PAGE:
The Great Help-to-Buy ripoff

“Building chiefs cash in on Help to Buy”

Bosses at Persimmon, Barratt and Bellway have been handed shares worth more than £12million.

Persimmon chief executive David Jenkinson exercised share options worth £10million under the housebuilder’s controversial bonus scheme, while two top Barratt executives received stock worth nearly £1million, and two Bellway bosses were handed performance-linked shares worth £1.6million.

The bonanza came just a day after Tony Pidgley, the founder and chairman of rival builder Berkeley, sold shares worth £42million.

His deal took the amount he has made from selling stock in the past two and half years to £166m.

Last night critics condemned the share awards, which came just a week after figures showed the rate of house building in the UK had hit a three-year low.

Developers such as Persimmon, Barratt and Bellway – but less so Berkeley – have also raked in record profits off the back of Help to Buy, a taxpayer-funded scheme that lends cash to buyers.

Reuben Young, a spokesman for housing campaign group Priced Out, said: ‘The scandal is these payouts are only made possible by Help to Buy, which has taken developer profits into the stratosphere by investing public money into rising house prices.’

Persimmon’s Jenkinson, 52, received 411,084 shares worth £9.7million at yesterday’s prices. After taxes he received 217,874 shares worth £5.2million and he is required to hold on to them for at last one year.

Barratt chief executive David Thomas received 64,182 shares worth £431,000 through a bonus plan and deputy chief Steven Boyes received 50,795 worth £341,000.

Bellway awarded 30,667 performance-linked shares worth about £1million to boss Jason Honeyman and 17,823 shares worth about £600,000 to finance chief Keith Adey.

The final amount of shares they receive will depend on whether they hit performance targets.

Meanwhile, Pidgley has sold shares in the past six months that have made him £79.2million.

That included 1m he sold in July for £37.2million and a further 1m on Tuesday for £42million, cashing in on his company’s rising share price.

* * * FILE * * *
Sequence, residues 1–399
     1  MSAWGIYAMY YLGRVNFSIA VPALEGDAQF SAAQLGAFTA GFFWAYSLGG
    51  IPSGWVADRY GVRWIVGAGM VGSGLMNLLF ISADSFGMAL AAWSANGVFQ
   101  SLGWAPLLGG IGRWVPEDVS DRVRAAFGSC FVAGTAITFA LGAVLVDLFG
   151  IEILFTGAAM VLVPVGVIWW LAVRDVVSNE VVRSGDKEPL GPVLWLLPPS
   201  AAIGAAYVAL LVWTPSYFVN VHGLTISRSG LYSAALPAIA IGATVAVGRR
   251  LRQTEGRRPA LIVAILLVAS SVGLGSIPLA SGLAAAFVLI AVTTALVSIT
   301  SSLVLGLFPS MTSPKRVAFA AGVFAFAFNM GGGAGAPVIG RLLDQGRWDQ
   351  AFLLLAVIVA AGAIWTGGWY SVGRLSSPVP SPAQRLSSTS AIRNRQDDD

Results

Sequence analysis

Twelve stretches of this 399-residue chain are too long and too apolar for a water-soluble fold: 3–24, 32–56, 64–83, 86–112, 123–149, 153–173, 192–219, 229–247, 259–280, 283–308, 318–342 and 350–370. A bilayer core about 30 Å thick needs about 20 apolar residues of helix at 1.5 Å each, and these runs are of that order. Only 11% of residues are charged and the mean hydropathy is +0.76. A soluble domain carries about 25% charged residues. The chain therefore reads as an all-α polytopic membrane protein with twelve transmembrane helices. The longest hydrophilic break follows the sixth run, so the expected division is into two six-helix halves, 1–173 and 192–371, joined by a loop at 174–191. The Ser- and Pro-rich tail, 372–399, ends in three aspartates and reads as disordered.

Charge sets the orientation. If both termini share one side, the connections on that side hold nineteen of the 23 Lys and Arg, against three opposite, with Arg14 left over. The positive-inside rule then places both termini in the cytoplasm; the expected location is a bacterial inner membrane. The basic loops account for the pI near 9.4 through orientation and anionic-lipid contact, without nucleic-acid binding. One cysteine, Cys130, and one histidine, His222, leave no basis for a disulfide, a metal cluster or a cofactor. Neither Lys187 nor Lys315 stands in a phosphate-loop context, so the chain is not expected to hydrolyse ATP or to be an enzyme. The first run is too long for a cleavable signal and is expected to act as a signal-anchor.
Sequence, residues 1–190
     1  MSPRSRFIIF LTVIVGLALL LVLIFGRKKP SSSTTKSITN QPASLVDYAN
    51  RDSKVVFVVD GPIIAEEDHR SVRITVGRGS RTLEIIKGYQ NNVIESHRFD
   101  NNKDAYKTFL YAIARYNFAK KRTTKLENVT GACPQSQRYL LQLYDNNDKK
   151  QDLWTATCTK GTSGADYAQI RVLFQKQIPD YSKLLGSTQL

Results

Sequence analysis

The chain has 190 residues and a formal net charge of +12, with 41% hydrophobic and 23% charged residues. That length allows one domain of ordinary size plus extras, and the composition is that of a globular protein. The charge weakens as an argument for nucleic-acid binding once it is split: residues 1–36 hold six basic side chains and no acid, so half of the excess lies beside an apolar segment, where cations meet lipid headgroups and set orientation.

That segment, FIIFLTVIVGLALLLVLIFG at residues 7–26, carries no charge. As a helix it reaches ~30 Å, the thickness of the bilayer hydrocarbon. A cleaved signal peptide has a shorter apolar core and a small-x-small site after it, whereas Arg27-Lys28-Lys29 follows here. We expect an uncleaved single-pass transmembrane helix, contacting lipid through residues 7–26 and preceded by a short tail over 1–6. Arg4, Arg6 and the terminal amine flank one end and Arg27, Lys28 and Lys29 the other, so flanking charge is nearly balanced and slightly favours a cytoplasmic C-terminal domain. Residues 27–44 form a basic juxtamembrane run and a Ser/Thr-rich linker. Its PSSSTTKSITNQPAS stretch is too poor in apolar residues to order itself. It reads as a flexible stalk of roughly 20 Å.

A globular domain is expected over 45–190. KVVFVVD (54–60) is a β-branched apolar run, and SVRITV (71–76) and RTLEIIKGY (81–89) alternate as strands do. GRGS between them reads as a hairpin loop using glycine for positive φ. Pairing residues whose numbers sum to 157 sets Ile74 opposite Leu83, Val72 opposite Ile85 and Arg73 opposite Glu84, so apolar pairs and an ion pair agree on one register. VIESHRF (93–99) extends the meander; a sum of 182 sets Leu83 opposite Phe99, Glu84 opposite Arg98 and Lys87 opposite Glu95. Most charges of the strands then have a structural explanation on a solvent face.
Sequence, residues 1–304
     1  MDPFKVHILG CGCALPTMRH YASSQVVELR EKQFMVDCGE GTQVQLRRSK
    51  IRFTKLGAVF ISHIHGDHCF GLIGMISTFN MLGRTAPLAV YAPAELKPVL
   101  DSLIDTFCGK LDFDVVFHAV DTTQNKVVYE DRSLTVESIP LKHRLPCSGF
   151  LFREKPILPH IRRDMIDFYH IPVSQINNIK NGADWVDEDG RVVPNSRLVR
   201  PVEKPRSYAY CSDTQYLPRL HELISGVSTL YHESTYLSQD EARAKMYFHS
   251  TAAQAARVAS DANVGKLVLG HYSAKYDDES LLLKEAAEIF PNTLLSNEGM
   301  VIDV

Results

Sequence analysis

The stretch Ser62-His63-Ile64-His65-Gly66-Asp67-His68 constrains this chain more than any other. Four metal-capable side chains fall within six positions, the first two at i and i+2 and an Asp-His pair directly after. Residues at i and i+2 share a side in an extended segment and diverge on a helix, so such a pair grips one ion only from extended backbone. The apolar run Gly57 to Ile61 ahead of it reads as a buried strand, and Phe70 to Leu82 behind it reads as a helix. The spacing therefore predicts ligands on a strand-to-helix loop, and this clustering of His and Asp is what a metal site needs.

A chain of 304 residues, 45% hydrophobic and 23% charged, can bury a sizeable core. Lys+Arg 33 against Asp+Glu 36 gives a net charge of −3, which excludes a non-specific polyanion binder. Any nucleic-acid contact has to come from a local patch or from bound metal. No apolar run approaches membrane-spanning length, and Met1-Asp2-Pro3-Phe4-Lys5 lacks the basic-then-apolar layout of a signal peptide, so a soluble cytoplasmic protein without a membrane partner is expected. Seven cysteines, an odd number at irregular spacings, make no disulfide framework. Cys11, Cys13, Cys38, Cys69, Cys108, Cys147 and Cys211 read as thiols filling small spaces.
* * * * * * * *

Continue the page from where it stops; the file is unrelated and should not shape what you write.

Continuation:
The sales came after Pidgley previously sold a total of 2.5m shares for £86.8million in 2017 – taking the amount he has made since then to a staggering £166million.

The building firms declined to comment.

https://www.thisismoney.co.uk/money/markets/article-7585531/Building-chiefs-cash-Help-Buy.html

“Property giants pay bosses £63m while ‘exacerbating housing crisis’ by sitting on enough land for 470,000 homes”

“Property giants have been accused of rewarding bosses for “exacerbating the housing crisis” after spending £63.6m on chief executive pay last year while sitting on more than 470,000 unused plots of land.

The chief executives of Britain’s 10 biggest housing developers raked in a combined £63.6m, earning a median sum of £2.1m, according to figures compiled by the High Pay Centre. Four FTSE 100 companies handed £53.2m to their top bosses in total, a median pay packet of £5.7m.

The 10 firms completed and sold 86,685 homes last year, but hold planning permission for 470,068 other plots of land on which homes have not been built. The UK needs an estimated 340,000 new homes a year to meet demand.

Councils have repeatedly complained of developers taking longer to build on sites which have been earmarked for housing, with the Local Government Association calling for powers that would allow local authorities to seize unused land.

The High Pay Centre said its findings raised questions about whether executives “should receive such vast sums of money, particularly given the many criticisms levelled at the big housing developers regarding the extent to which they are exacerbating the housing crisis”.

Luke Hildyard, the think tank’s director, told The Independent: “Homes are a public good and housing companies are charged with quite an important social responsibility. If the housing companies don’t play their part in delivering enough homes then we have real problems.

“There is something particularly unseemly about people who are supposed to be providing a public good raking in millions or even tens of millions.”

The 10 companies, which are all FTSE 350-listed, paid a combined £150m to chief executives and other directors last year. The four FTSE 100 house-builders – Barratt, Berkeley, Persimmon and Taylor Wimpey – accounted for £131.1m of that sum.

The average UK construction worker is paid £24,964 a year, 89 times less than the median pay packet of the 10 housebuilders’ chief executives, according to the union Unite.

The pay disparity was greatest at Persimmon, where chief executive Jeff Fairburn earned £39m – equivalent to the average pay of 1,561 construction workers – last year. He was forced out of the firm in late 2018 after a public outcry over his £75m bonus.

The pay ratio between Berkeley’s chief executive and the average construction worker was 331:1, at Taylor Wimpey it was 126:1, and at Barratt it was 113:1.

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Labour MP Siobhan McDonagh, who cited the figures during a debate in parliament on Thursday, said the “vast scale of inequality” showed “the British housebuilding industry is broken”.

She added: “In the midst of a national housing crisis, how can it be right, just or fair, for the top housebuilding CEOs to walk away with such astronomical sums while there are workers are seeing their salaries stagnate?

“These companies have a land bank of a simply staggering 470,068 plots but completed just 86,685 homes between them. Is that really a record worth rewarding?”

Barratt, Berkeley and Taylor Wimpey all declined to comment.

Persimmon did not respond to a request for comment.”

https://www.independent.co.uk/news/business/news/property-developers-housing-crisis-homebuilding-chief-executive-pay-ftse-100-a9093676.html